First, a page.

And speaking of impact, the second trip goal was to begin gathering information about the effectiveness of the first disability trainings we conducted the previous summer. We know that we have a lot to learn and that there are many ways to continue to make our trainings better and better. So we met and observed previous trainees to begin answering questions including: was the information actually helpful? how have you used it? did you share with others?


We were overjoyed to hear many of our trainees have trained other staff at their organizations and have also teamed up to reach into 8 additional provinces over the past year as well! We saw replicated teaching materials, lesson plans and heard a lot of positive feedback and desire for more and more.


Glimpse #2: One of the family members that participated in our trainings this summer was a grandfather whose 14 year-old grandson has down syndrome. He shared that they spend a lot of time together and he sees skills and potential in his grandson, but the boy's father (his son) is so ashamed that he avoids his son and does not interact with him. But the grandfather was excited for the opportunity to learn more to share with his son and family and encouraged others who shared similar experiences during one of our family training sessions.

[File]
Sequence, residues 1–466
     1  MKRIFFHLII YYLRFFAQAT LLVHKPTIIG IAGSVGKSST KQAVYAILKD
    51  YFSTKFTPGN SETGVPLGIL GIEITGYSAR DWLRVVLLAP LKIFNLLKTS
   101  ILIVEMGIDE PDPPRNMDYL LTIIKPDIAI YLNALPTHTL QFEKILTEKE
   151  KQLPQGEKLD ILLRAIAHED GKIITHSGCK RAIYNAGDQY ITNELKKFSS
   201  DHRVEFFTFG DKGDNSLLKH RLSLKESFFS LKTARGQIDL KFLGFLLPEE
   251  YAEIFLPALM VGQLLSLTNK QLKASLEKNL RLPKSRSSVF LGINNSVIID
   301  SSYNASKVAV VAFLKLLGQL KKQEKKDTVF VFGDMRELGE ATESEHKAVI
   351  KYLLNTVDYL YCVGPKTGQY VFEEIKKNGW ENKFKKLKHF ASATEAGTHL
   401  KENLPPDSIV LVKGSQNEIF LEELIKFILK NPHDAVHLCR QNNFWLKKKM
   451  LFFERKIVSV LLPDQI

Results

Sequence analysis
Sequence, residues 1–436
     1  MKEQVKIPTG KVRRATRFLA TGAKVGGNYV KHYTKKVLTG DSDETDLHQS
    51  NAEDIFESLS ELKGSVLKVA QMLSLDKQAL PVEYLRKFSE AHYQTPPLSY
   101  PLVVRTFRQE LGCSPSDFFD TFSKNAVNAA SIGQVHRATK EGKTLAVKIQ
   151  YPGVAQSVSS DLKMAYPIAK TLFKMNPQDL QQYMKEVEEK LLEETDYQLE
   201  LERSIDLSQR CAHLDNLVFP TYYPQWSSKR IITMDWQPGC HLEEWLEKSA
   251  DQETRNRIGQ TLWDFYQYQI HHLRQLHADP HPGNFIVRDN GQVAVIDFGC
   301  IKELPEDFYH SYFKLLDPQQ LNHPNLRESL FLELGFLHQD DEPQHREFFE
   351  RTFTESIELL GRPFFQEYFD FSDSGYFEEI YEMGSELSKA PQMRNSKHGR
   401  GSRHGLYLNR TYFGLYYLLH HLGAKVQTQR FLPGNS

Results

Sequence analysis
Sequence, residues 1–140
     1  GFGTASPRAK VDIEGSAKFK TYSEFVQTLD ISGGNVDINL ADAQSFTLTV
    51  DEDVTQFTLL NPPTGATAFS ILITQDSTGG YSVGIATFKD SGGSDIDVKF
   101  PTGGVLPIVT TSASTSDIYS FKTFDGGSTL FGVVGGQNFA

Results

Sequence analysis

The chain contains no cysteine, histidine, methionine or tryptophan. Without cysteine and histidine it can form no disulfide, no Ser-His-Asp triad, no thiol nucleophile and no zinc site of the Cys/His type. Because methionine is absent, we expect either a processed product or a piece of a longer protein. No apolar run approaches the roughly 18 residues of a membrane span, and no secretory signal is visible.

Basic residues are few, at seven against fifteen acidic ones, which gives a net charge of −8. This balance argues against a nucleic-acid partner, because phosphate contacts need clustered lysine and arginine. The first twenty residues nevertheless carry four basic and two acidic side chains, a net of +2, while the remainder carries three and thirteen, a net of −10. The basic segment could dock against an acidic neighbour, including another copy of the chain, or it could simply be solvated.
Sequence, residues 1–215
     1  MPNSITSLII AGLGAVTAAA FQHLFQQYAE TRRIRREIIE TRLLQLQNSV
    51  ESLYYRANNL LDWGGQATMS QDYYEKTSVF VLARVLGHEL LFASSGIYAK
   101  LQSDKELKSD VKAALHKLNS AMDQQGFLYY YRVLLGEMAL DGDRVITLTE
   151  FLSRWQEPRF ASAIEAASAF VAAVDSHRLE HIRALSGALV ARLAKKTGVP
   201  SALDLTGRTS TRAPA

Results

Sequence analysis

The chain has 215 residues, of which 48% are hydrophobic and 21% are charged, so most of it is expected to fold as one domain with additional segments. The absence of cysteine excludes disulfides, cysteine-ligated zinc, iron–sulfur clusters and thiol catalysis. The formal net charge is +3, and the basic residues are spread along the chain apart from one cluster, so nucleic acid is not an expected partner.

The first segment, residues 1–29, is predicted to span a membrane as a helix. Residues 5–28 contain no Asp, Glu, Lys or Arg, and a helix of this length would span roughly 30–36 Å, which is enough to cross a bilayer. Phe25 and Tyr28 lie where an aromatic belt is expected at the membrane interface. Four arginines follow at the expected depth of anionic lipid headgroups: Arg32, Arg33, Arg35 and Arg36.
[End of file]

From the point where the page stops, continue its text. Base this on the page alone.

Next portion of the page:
Thankfully we will continue to interpret and unpack the information we have gathered with our Advisory Working Group that will begin meeting in the Twin Cities in September. We're so excited to work together to keep advancing this project and building more disability training tools together.


One of the children with disabilities served by a partner organization.

Glimpse #3: One of our previous trainees is the principal at a partner's school and daycare for students with disabilities. We met with him to see how things were going. His enthusiasm to see us again was so uplifting. He told us he has studied the written materials we left before many times over the past year and now trains the teachers and has seen a lot of progress. He enthusiastically shared that the teachers are less stressed and everyone feels like they can work better together now instead of just trying to control the children. He said 'when I attend the training, so good. Before we only try, but now it's good.' His son also has disabilities and his dedication and passion to keep learning and sharing is increasing understanding and inclusion for many.

We are continually grateful to our partners, who inspire us and demonstrate true partnership in this mission and to all of our DSI supporters who uplift us and our work, through giving time and talents, lifting us up in prayer and by contributing financially.


It is only together that we can continue to show up for our partners, the teachers, families and those with disabilities who need access to the opportunities and services that we are working together to build.